2

Is there a way to make some regions of the buffer invisible (I mean not evaluated by) to query-replace and similar commands?

Let me better explain with an example. Let's take a piece of LaTeX code

... in the following equation ,
\begin{equation}
x + y = z ,
\end{equation}

I need to replace the first " ," with "," (deleting the extra space) but the second " ," string, in the equation ambient it's not a problem and I'd like my query-replace to ignore it.

I figure out I could use a loop to assign some text properties to the regions I need to ignore but I've got no idea if that kind of text properties exist.

I'm also open to any kind of suggestion.

Workaround. Following Drew's answer I wrote this code that seems to work:

(defun skip-if-my-ignore (beg end)
  "Return nil iff some text BEG to END has non-`nil' property `my-ignore'."
  (catch 'skip-if-my-ignore
    (let ((pos  beg))
      (while (< pos end)
        (when (get-text-property pos 'my-ignore) (throw 'skip-if-my-ignore nil))
        (setq pos  (1+ pos))))
    t))

(defun query-replace-skipping-math-test ()
  (interactive)
  (save-excursion
    (goto-char (point-min))
    (while (search-forward-regexp "\\\\begin{equation}" nil t)
      (save-excursion
        (let ((b (copy-marker (match-beginning 0)))
              (e (copy-marker (search-forward-regexp "\\\\end{equation}" nil t ))))    
          (put-text-property b e 'my-ignore t))))
        (let ((isearch-filter-predicate  'skip-if-my-ignore))
          (perform-replace " ," "," t nil nil 1 nil (point-min) (point-max)))
        (remove-list-of-text-properties (point-min) (point-max) '(my-ignore))))

I tested it on:

... in the following equation ,
\begin{equation}
x + y = z ,
\end{equation}

... also in the following equation ,
\begin{equation}
2x + 2y = 2z ,
\end{equation}
  • Not sure if I understand your question., query-replace already lets you decide whether to replace each one, or do you think it's inconvenient? – xuchunyang Jan 21 at 6:12
  • @xuchunyang I want query-replace to ignore some portions of the text. I need it to save time, avoiding to skip manually some queries. – Gabriele Nicolardi Jan 21 at 11:22
2

Yes. Set variable isearch-filter-predicate to a function that returns nil for the text that you want to ignore for search and query-replace.

(Set it back to its default value of isearch-filter-visible when you're done. Alternatively, define your own search or query-replace function that binds the variable and then invokes regular Isearch or query-replace. That way it will be restored when your function is done.)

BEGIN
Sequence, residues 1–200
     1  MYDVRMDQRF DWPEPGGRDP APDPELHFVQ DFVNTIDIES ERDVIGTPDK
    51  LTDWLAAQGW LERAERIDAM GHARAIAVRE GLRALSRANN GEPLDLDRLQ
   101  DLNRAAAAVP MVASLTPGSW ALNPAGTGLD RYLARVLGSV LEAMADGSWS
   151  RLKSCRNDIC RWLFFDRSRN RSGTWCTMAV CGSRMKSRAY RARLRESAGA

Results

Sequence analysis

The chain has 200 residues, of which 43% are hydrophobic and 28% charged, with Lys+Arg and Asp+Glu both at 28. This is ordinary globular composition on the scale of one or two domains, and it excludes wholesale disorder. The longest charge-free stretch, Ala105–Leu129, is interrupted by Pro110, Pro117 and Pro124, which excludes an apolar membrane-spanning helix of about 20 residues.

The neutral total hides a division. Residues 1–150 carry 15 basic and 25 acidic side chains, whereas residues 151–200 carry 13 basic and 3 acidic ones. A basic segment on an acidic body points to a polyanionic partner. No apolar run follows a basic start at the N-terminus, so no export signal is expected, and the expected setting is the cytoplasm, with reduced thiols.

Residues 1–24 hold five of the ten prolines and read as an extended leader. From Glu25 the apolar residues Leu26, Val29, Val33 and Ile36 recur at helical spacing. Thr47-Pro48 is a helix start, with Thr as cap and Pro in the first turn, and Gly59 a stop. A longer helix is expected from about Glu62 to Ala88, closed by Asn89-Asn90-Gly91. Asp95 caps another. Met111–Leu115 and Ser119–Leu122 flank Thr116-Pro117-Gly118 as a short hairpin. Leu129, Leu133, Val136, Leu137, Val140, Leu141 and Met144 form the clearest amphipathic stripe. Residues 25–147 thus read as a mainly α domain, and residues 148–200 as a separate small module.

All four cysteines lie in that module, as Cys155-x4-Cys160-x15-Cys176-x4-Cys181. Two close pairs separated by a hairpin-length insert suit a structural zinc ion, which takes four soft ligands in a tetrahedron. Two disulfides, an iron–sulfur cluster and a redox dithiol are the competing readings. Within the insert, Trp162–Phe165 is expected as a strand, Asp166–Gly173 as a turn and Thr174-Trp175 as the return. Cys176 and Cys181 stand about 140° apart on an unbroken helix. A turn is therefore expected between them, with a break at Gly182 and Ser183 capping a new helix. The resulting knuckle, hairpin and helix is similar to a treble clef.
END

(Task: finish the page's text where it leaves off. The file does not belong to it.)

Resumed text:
For example, you can put a text property my-ignore on some text, giving it a non-nil value. Then this function returns nil for what would normally be search hits on such text, so they are ignored for search and query-replace:

(defun skip-if-my-ignore (beg end)
  "Return nil iff some text BEG to END has non-`nil' property `my-ignore'."
  (catch 'skip-if-my-ignore
    (let ((pos  beg))
      (while (< pos end)
        (when (get-text-property pos 'my-ignore) (throw 'skip-if-my-ignore nil))
        (setq pos  (1+ pos))))
    t))

;; Make Isearch and query-replace ignore text with non-`nil' property `my-ignore'.
(setq isearch-filter-predicate  'skip-if-my-ignore)

But if you know how to identify the text you want to ignore, in order to put a text property on those parts, then you could just put that identification code into the filter predicate and not bother adding the text property. IOW, you can let the predicate check directly whether the text from BEG to END should be ignored.


There unfortunately is no Emacs doc for using isearch-filter-predicate in the Elisp manual (or the Emacs manual). But the doc string of that variable at least tells you this:

isearch-filter-predicate is a variable defined in isearch.el.

Its value is isearch-filter-visible

This variable can be risky when used as a file-local variable.

Documentation:

Predicate that filters the search hits that would normally be available.

Search hits that dissatisfy the predicate are skipped. The function has two arguments: the positions of start and end of text matched by the search. If this function returns nil, continue searching without stopping at this match.

If you use add-function to modify this variable, you can use the isearch-message-prefix advice property to specify the prefix string displayed in the search message.

That tells you (a bit obscurely) that a potential search hit is excluded (ignored) if the predicate returns nil.

BEG and END are the limits of the current (potential) search hit. The potential hit is excluded (ignored) if the predicate returns nil. In our case we presumably want it to return nil if any of the text in the potential hit has the text property.

  • Honestly I did not completely understand your anwer (I mean the (beg end) stuff) but I tried to apply it in my workaround. I updated my question with the code I wrote. It seems to work. Could you please confirm I've done it the right way? – Gabriele Nicolardi Jan 20 at 22:23
  • Yes, looks good. I added the doc string of isearch-filter-predicate, which explains that args BEG and END of the function are the limits of the current (potential) search hit. The potential hit is excluded (ignored) if the predicate returns nil. In our case we presumably want it to return nil if any of the text in the potential hit has the text property. – Drew Jan 20 at 23:16

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